October 2020
Volume 20, Issue 11
Open Access
Vision Sciences Society Annual Meeting Abstract  |   October 2020
Different target identities enable people to find a new target faster even in learned contexts
Author Affiliations & Notes
  • Jeunghwan Choi
    Graduate Program in Cognitive Science, Yonsei University
  • Sang Chul Chong
    Graduate Program in Cognitive Science, Yonsei University
    Department of Psychology, Yonsei University
  • Footnotes
    Acknowledgements  This research was supported by the Brain Research Program of the National Research Foundation (NRF) funded by the Korean government (MSIT) (NRF-2017M3C7A1029658).
Journal of Vision October 2020, Vol.20, 1709. doi:https://doi.org/10.1167/jov.20.11.1709
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      Jeunghwan Choi, Sang Chul Chong; Different target identities enable people to find a new target faster even in learned contexts. Journal of Vision 2020;20(11):1709. doi: https://doi.org/10.1167/jov.20.11.1709.

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      © ARVO (1962-2015); The Authors (2016-present)

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Abstract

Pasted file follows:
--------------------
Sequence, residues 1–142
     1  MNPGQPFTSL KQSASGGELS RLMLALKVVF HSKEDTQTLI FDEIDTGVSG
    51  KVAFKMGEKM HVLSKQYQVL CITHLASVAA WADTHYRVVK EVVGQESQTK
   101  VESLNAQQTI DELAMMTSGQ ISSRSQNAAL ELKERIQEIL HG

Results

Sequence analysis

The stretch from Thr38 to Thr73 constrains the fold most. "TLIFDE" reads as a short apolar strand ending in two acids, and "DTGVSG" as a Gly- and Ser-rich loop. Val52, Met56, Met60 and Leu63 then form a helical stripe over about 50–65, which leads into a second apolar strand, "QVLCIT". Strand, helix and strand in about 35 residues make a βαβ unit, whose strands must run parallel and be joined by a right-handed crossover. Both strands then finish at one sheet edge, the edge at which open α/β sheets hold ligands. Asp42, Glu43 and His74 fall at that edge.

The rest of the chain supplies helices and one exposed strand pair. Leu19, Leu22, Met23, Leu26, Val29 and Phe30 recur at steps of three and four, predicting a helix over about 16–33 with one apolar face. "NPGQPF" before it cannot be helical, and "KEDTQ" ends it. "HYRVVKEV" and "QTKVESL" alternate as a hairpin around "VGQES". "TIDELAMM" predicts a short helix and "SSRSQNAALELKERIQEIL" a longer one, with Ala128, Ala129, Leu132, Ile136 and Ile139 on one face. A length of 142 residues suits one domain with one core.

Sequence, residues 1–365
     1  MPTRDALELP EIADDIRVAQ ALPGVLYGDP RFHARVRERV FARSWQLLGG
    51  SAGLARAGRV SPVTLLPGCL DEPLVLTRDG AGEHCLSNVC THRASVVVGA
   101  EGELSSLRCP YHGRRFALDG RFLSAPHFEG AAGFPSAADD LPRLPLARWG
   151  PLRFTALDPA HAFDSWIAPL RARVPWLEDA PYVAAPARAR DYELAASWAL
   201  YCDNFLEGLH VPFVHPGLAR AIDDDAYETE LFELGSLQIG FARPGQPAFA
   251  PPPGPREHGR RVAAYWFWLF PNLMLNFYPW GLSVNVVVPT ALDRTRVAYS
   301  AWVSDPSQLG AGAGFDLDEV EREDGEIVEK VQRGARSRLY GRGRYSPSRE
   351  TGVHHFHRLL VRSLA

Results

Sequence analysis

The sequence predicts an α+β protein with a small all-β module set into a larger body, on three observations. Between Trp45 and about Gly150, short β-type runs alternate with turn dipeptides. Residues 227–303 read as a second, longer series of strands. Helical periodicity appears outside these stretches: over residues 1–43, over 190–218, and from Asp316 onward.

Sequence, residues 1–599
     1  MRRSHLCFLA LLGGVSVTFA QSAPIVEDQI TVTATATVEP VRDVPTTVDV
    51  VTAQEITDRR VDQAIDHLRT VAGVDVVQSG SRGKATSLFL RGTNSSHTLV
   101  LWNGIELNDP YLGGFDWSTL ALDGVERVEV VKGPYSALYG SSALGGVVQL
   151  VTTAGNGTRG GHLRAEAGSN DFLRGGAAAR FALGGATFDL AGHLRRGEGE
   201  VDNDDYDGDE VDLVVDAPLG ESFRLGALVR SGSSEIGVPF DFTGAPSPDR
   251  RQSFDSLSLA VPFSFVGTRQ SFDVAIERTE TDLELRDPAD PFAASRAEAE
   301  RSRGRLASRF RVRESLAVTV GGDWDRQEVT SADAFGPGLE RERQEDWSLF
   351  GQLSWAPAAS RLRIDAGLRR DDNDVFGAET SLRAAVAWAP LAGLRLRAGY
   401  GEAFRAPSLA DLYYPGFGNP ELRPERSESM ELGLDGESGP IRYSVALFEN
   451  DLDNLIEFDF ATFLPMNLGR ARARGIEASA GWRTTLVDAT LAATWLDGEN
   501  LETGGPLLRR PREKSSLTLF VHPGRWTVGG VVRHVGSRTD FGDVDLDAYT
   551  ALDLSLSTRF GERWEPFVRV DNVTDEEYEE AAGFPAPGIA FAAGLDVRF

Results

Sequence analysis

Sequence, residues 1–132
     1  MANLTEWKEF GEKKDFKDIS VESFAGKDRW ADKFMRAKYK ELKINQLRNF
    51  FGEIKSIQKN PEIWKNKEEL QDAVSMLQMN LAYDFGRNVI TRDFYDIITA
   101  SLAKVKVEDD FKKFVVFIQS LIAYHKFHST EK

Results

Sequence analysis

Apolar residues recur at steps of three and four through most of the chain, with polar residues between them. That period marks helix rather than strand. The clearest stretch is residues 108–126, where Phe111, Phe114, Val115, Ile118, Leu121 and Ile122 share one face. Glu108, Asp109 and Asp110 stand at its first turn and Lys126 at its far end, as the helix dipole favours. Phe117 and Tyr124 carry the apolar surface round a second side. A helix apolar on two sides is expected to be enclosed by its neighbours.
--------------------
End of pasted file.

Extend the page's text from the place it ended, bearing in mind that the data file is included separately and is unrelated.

People find targets faster in repeated contexts than in novel ones (contextual cueing; Chun & Jiang, 1998). It is well known that contextual information guides attention to the target location. In addition, some studies found that it is difficult to adapt to the change of a target location in learned contexts (Manginelli & Pollmann, 2009; Zellin et al., 2014). However, the identity of the target was the same throughout experiments in their studies. We investigated whether the change in target identity enables people to learn new contextual information about a new target location in learned contexts as well as initial learning. To change the identity of a target, we used real-object images as stimuli. The task was to click the target object among 16 objects in the array using a mouse. There were two phases in Experiment, and the target identity differed across phases. At the beginning of Experiment, participants were informed the identity of a first target and the possibility of a target identity change after the first phase. The identity of a new target for the second phase was announced after the first phase. Contexts were either repeated or newly generated. Specifically, the locations of distractors in the repeated contexts were maintained throughout Experiment, whereas in the novel contexts they were randomly changed for each trial. We found significant contextual cueing effects in both the first target and second target phases. Furthermore, the size of these effects and their speed of learning was similar between the two phases. These results suggest that people can learn and use the new contextual information even in the learned contexts without interference, when the identity of the target was changed. Thus, different target identities enable people to form two separate associations with the two locations of different targets for a given context.

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